Local Gems

Like Water For Chocolate: Romance, Rhythm, Recipes and Revolution

Christopher Wheeldon has done it again. Not one to let complex stories put him off, the choreographer has taken Laura Esquivel’s 1989 Mexican novel, Like Water For Chocolate, and brought it to life in ballet form with all of the passion, magic and emotion of the original text. Clear, clean and breathtaking, Wheeldon excels in the near-impossible task of creating a twisting and turning narrative ballet expertly, as we have seen him do in Alice’s Adventures in Wonderland and The Winter’s Tale, but to me, Like Water For Chocolate is his most ambitious ballet yet. 

Marcelino Sambé (Pedro) and Francesca Hayward (Tita). Photo: Tristram Kenton

 Set in the early years of 20th century Mexico, against the backdrop of the Mexican Revolution, the plot centres around the forbidden romance between Pedro (Marcelino Sambé) and Tita (Francesca Hayward), the latter of whom, as the youngest daughter in her family, cannot marry. Due to family tradition, she must look after her tyrannical mother, Mama Elena (Laura Morera) until she dies. The tale revolves around Tita’s family, the De la Garzas, including the rebellious sister Gertrudis (Anna Rose O’Sullivan) and the conservative, traditional eldest sister Rosaura (Mayara Magri), who is ultimately forced to marry Pedro. 

Added to the portrayal of a repressed love against the scenery of Mexican ranch life is the powerful and emotional role of food in Tita’s life. The youngest daughter possesses a mysterious gift where her cooking is interlaced with intense feeling, her recipes causing supernatural and magical occurrences. This is the key challenge that Wheeldon was faced with: conveying magical realism - a genre associated with Latin American literature, in which mystical happenings take place in everyday life without comment - in dance form. 

Mayara Magri (Rosaura) and Marcelino Sambé (Pedro). Photo by Tristram Kenton.

Where to start? I must admit that I was at first concerned that this ballet might fall into stereotype and/or exaggeration. Yet, I was overjoyed to witness the complex subtleties of Wheeldon’s representation. Having worked with Esquivel directly, his ballet stayed close to the novel in both plot and emotion. From the clever use of props, such as ribbon to literally bind an unwilling couple in marriage, to the beautiful illusory levitations to introduce us to the ghosts of Mama Elena and the cook, Nacha (Christina Arestis), the abstract motifs peppered into the plot serve rich emotions, from anguish to passionate love.

It is truly a perfect casting. Sambé exquisitely dances the forlorn lover while Hayward confidently plays with everything from delicate pirouettes to jaunty, experimental movements in her moments of despair. Of course, the pas de deux between these two experienced dancers is delightful to witness, but so too is that between Magri and Morera, those two complex, conservative but powerful women who prowl and rule over the household. The kind and gentle Dr John (Matthew Ball) also plays an emotional part in this tale, regretfully but respectfully allowing Tita to leave him to pursue her undying love for Pedro.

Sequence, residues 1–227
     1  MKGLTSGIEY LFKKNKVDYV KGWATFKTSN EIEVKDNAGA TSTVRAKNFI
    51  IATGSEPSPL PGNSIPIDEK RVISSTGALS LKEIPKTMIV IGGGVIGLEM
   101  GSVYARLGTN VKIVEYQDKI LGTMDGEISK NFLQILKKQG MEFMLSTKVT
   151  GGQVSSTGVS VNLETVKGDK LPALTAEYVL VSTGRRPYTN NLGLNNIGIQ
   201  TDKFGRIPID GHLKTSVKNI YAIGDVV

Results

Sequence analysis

Francesca Hayward (Tita), Matthew Ball (Doctor John) and Marcelino Sambé (Pedro). Photo by Tristram Kenton.

Special mentions must be awarded to the strong and joyful Anna Rose O’Sullivan and César Corrales, who plays her revolutionary lover, Juan Alejandrez. A perfect pairing who made the best of their roles, leaping and dancing together with the utmost joy. Their energy was truly infectious, particularly when paired with an exuberant crowd scene (as it often was). A gleeful corps de ballet played with movements based on those of Mexican folk dance, and it paid off beautifully. Accompanied by echoes of Mexican music throughout, thanks to Toby Jalbot’s excellent score and Tomás Bareirro’s earthy guitar playing, these busy scenes conveyed the joy and rhythms of Mexican ranch life without falling into cliche. Mexican conductor, Alondra de la Parra, was another much-appreciated member of the production, her applause from the audience louder and more enthusiastic with every act. 

Anna Rose O'Sullivan (Gertrudis). Photo by Tristram Kenton.

 The one to watch? Joseph Sissens. What a vibrant dancer. The soloist plays Mama Elena’s past forbidden lover with fluidity and passion. A direct comparison with Tita and Pedro, it is easy to see why Sissens was cast. Like Sambé, his controlled yet engaging movements are emphasized by his brilliant facial expressions; both dancers are the picture of pain and yearning. Sissens will undoubtedly go far in his dance career. 

Laura Morera (Mama Elena) and Marcelino Sambé (Pedro). Photo by Tristram Kenton.

As expressed by Mayara Magri in her interview with The Cambridge Satchel Co., it will be interesting to see how this ballet will be interpreted in the future. It will be difficult to top this first production - its mystical set and inspired lighting, its impassioned cast, its playful and humorous use of props to create surprise and suspense, its intelligent and formidable use of costume, especially in ghostlier scenes. 

The ballet is topped off with a poignant pas de deux between Tita and Pedro, together and alone at last, and beautifully accompanied by a rare lyrical love song, sang by soprano Sian Griffiths. We are left both heartbroken and fulfilled when the two leads rise to heaven together, consumed by flames. A ballet that was well worth the hype and anticipation, two years after the idea was first thought out. Mesmerising, magical and memorable. 

Marcelino Sambé (Pedro) and Francesca Hayward (Tita). Photo by Tristram Kenton.

Read our interview with Principal Dancer, Mayara Magri, here


Like Water for Chocolate, The Royal Ballet

The Royal Opera House, WC2E 9DD

Times

11,15,17 June 2022 at 7.30pm

Tickets on sale now from £5 - £115.

www.roh.org.uk 

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